How not to sort in Python
You can't make me
Sometimes you want to sort, and sometimes you just want things to stay sorted. For the latter, we can use heapq to create a queue that guarantees to pop each element in order, bisect to manually insert at the right place, or sortedcontainers, to be lazy yet productive.
Actually, the laziest and most productive solution is likely to not do any of that and brute force it as your problem space likely allows it. But that would make for a short article.
Sorting in Python is convenient and pretty fast, thanks to TimSort. Yet, by design, sorting will traverse your iterable, sometimes many times. If you have to insert an element in your iterable in a loop, and then make sure it's in order every time, sorting it for that purpose will get something in the ball park of O(n ^ 2) algo complexity. If this means nothing to you, it's not great perf.
The typical example is the priority queue. You have a list where you insert a task with a priority attached, and the next task to perform is the one with the most urgent priority:
Let's say I have those very important tasks:
tasks = [ (5, 'Defeat Malenia to unlock spreadsheet functionality'), (1, 'Collect triforces to enable Wi-Fi'), (8, 'Use dance emotes to encrypt hard drive'), (3, 'Throw masterball to clear browser cache'), (10, 'Score a goal to install software updates'), (7, 'Perform a fatality to make coffee'), (2, 'Open a portal to order pizza'), (6, 'Unlock an achievement to send an email'), (8, "Kiss Bowser for shits and giggles") ]
Now, If I want to add them all in a priority queue:
stuff_to_do =  def add_action(priority, task): stuff_to_do.append((priority, task)) stuff_to_do.sort(reverse=True) for priority, task in tasks: add_action(priority, task) if stuff_to_do: print(stuff_to_do.pop()) # (1, 'Collect triforces to enable Wi-Fi')
That's going to sort every single time, which is not ideal. Now, you might interject, why not insert them all and sort later? Yes, in this simple example used to explain the problem, this is, of course, the best course of action. But priority queues usually exist in the context of data comming from outside the system, continuously. You don't have access locally to all the tasks to do, you get a stream of constantly new messages that pop in. So use your imagination to make this easy code fit the IRL situation.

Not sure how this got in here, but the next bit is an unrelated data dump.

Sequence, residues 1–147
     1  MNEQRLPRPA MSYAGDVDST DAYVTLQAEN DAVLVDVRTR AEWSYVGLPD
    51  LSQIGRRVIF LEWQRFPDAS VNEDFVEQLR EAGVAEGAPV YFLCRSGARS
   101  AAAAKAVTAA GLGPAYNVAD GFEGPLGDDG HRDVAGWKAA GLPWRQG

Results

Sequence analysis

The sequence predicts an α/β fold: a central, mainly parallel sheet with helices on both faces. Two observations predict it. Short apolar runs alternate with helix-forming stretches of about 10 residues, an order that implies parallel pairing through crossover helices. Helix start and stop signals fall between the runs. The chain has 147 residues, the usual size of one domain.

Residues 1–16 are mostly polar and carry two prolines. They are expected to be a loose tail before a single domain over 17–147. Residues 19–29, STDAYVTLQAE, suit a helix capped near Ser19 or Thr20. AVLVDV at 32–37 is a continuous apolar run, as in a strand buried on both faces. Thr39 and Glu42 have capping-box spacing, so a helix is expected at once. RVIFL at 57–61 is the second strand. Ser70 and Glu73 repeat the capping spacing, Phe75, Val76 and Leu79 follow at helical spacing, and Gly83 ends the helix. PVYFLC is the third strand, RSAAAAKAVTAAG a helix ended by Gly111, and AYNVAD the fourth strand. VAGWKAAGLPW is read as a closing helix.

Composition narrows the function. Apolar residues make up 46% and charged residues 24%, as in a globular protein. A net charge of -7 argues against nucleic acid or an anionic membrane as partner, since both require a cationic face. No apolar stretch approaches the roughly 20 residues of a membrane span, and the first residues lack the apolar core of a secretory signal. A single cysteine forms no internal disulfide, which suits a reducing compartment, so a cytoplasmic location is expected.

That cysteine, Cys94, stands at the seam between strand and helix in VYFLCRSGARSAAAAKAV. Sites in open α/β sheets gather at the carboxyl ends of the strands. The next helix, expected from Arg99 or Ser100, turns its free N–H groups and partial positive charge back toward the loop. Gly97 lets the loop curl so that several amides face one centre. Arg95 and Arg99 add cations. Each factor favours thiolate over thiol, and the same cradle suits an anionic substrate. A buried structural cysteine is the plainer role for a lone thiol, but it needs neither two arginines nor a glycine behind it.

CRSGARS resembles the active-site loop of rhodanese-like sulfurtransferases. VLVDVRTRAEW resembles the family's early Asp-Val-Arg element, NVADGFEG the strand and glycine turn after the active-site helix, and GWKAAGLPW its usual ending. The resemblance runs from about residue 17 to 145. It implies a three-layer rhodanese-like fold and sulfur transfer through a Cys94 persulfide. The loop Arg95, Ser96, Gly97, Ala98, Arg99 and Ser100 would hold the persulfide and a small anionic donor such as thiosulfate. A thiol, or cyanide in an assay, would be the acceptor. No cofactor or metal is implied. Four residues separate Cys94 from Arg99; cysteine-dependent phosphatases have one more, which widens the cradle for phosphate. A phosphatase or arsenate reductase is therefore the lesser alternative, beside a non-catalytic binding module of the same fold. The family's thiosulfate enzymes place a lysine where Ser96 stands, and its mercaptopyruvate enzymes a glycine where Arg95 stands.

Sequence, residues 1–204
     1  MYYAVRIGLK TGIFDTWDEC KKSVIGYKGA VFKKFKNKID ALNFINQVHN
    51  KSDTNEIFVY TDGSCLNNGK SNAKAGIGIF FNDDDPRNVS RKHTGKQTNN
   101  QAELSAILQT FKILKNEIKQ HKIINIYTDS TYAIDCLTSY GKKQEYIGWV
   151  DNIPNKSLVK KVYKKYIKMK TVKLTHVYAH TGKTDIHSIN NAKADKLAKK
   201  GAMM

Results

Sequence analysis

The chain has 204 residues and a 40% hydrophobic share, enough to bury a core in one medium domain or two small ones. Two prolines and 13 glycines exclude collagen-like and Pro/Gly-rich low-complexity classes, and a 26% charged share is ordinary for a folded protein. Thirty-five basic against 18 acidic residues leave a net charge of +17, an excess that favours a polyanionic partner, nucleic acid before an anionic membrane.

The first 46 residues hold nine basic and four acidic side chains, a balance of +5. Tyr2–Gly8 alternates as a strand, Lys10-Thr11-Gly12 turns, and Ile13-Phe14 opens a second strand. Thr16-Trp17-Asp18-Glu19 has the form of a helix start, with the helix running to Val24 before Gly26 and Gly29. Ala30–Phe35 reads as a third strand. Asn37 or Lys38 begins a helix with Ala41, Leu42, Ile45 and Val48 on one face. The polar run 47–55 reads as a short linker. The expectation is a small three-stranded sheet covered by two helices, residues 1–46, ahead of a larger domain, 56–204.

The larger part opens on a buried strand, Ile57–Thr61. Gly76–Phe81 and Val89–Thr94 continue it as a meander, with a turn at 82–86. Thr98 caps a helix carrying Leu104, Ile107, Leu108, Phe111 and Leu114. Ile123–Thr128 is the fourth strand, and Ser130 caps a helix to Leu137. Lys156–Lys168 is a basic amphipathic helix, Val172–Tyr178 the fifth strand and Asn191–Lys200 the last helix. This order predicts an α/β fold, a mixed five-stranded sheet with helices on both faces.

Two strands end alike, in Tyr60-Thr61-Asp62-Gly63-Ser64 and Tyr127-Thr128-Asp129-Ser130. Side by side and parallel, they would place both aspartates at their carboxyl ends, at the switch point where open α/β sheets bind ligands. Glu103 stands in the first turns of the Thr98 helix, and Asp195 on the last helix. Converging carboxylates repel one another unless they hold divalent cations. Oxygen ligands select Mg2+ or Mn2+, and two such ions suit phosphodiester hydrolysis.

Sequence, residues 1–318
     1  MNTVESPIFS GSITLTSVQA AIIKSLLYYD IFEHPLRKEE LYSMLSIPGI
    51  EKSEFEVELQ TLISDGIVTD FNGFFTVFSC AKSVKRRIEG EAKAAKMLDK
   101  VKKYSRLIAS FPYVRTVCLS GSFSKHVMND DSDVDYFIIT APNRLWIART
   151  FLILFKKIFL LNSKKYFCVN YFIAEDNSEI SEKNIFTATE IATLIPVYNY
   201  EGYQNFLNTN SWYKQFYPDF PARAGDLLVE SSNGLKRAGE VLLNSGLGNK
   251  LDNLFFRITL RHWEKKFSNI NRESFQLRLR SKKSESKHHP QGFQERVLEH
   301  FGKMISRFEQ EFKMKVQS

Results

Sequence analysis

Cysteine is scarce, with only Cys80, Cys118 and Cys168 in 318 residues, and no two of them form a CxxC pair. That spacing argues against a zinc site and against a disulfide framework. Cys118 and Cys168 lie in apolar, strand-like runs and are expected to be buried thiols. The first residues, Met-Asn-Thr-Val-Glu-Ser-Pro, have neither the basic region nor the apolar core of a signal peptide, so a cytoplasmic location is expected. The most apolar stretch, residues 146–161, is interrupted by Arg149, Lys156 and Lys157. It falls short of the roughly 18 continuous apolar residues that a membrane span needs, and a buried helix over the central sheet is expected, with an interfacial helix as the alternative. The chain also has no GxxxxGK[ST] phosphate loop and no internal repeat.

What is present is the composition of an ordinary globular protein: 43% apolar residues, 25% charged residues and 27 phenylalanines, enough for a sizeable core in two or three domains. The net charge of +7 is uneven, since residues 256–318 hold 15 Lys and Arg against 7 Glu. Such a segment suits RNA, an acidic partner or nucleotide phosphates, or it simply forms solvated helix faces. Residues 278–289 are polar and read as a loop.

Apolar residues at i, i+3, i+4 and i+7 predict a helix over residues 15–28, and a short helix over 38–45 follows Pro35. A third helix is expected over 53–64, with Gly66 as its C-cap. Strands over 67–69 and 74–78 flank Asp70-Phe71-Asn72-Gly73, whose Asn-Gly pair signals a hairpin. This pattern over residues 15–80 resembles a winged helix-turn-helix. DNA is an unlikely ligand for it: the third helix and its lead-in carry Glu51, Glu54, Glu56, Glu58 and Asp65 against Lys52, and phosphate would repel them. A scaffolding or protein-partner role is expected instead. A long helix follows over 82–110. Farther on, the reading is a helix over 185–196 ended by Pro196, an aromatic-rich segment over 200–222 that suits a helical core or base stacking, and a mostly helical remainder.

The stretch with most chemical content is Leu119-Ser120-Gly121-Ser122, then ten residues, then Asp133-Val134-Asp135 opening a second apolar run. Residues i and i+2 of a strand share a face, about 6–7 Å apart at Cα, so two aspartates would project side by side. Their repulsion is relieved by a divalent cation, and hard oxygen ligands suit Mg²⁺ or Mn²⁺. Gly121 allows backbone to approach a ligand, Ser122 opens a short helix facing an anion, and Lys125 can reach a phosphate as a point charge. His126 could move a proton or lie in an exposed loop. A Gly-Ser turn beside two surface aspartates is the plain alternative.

One possible solution to this is to use a heap queue, which, in the Python stdlib, is provided out of the box with the heapq module:
import heapq stuff_to_do_but_well =  for priority, task in tasks: heapq.heappush(stuff_to_do_but_well, (priority, task)) if stuff_to_do_but_well: print(heapq.heappop(stuff_to_do_but_well)) # (1, 'Collect triforces to enable Wi-Fi')
It seems to do exactly the same, but the stuff to do is stored differently. Without heapq, our tasks are just in reverse order:
>>> from pprint import pprint >>> pprint(stuff_to_do) [(10, 'Score a goal to install software updates'), (8, 'Use dance emotes to encrypt hard drive'), (8, 'Kiss Bowser for shits and giggles'), (7, 'Perform a fatality to make coffee'), (6, 'Unlock an achievement to send an email'), (5, 'Defeat Malenia to unlock spreadsheet functionality'), (3, 'Throw masterball to clear browser cache'), (2, 'Open a portal to order pizza')]
But heapq stores the element in a binary tree, where every parent node has a value less than or equal to any of its children:
>>> pprint(stuff_to_do_but_well) [(2, 'Solve a puzzle in Portal to order pizza'), (3, 'Capture a Pokémon to clear browser cache'), (4, 'Win a match in Apex Legends to feed the cat'), (5, 'Defeat the final boss in Mario to unlock spreadsheet functionality'), (6, 'Unlock an achievement in Halo to send an email'), (8, 'Use Fortnite dance emotes to encrypt hard drive'), (7, 'Perform a Mortal Kombat fatality to make coffee'), (10, 'Score a goal in FIFA to install software updates'), (9, 'Complete a lap in Mario Kart to water plants')]
Ok, it's no super obvious looking at it like that, but it means inserting things in that way doesn't require a full sort, and popping the queue always gets the most important element first.
While this approach works well for priority queues because you have to pop the item every time, it's not great for other types of problems where you don't want to consume the queue. Indeed, heapq doesn't have a way to iterate on the heap, only ways to add and remove elements.
But we can solve this problem using Python bisect module.
Where are you?
Bisection is a fast way to search an element in a sorted list. This is typically something you learn at university, but given how many people learn to code by themselves, I'm not assuming everybody knows what it is.